Selangor Journal
Russian presidential candidate and incumbent President Vladimir Putin speaks after polling stations closed, in Moscow, Russia, on March 18, 2024. — Picture by REUTERS

Putin wins Russia election in landslide with no serious competition

MOSCOW, March 18 — President Vladimir Putin won a record post-Soviet landslide in Russia’s election on Sunday, cementing his already tight grip on power in a victory he said showed Moscow had been right to stand up to the West and send its troops into Ukraine.

Putin, a former KGB lieutenant colonel who first rose to power in 1999, made it clear that the result should send a message to the West that its leaders will have to reckon with an emboldened Russia, whether in war or in peace, for many more years to come.

The outcome means Putin, 71, is set to embark on a new six-year term that will see him overtake Josef Stalin and become Russia’s longest-serving leader for more than 200 years if he completes it.

Putin won 87.8 per cent of the vote, the highest ever result in Russia’s post-Soviet history, according to an exit poll by pollster the Public Opinion Foundation (FOM). The Russian Public Opinion Research Centre put Putin on 87 per cent. First official results indicated the polls were accurate. The United States, Germany, the United Kingdom and other nations have said the vote was neither free nor fair due to the imprisonment of political opponents and censorship.

Communist candidate Nikolai Kharitonov finished second with just under 4 per cent, newcomer Vladislav Davankov third, and ultra-nationalist Leonid Slutsky fourth, partial results suggested.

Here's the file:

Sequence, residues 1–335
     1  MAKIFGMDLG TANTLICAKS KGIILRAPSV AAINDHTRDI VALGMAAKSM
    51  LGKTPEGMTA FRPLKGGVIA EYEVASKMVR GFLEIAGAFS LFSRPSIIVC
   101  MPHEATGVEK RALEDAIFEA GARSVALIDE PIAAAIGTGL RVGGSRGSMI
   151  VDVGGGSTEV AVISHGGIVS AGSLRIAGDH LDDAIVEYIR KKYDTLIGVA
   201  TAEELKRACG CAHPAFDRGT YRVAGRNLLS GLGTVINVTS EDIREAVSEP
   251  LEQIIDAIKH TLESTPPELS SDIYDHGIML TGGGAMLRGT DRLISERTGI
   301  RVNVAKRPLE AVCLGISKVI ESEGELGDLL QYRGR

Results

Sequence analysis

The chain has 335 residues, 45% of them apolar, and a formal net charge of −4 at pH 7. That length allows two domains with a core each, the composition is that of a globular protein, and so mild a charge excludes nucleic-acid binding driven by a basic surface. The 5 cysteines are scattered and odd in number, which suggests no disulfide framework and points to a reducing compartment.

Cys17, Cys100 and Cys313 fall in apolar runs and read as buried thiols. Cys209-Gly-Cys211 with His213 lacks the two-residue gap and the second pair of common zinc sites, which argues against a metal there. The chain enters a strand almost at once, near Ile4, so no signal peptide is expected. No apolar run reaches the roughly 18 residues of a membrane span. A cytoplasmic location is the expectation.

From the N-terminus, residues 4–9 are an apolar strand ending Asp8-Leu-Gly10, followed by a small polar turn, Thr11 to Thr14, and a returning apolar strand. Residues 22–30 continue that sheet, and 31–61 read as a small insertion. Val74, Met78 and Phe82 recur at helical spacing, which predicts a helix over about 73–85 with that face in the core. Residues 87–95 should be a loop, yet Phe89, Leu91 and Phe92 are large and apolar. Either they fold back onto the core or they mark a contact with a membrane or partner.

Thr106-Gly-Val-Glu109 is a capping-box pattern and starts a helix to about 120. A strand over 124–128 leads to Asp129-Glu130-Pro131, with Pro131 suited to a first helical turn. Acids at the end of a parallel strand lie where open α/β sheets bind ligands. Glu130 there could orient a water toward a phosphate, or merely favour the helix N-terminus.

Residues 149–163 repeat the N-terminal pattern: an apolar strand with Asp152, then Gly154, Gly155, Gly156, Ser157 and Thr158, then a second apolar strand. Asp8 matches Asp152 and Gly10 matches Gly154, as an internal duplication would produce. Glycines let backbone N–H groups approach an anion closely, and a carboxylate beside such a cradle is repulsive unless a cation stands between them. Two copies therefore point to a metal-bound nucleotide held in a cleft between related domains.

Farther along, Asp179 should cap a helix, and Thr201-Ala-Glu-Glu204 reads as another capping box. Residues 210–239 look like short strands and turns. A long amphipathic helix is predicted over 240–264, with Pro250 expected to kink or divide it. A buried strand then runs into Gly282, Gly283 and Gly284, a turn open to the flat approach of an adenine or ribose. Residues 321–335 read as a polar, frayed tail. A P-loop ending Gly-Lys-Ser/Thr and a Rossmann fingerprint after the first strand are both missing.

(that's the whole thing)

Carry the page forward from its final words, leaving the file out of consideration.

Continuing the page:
Putin told supporters in a victory speech in Moscow that he would prioritise resolving tasks associated with what he called Russia’s “special military operation” in Ukraine and would strengthen the Russian military.

“We have many tasks ahead. But when we are consolidated — no matter who wants to intimidate us, suppress us — nobody has ever succeeded in history, they have not succeeded now, and they will not succeed ever in the future,” said Putin.

Supporters chanted “Putin, Putin, Putin” when he appeared on stage and “Russia, Russia, Russia” after he had delivered his acceptance speech.

Inspired by opposition leader Alexei Navalny, who died in an Arctic prison last month, thousands of opponents protested at noon against Putin at polling stations inside Russia and abroad.

Putin told reporters he regarded Russia’s election as democratic and said the Navalny-inspired protest against him had had no effect on the election’s outcome.

— Reuters

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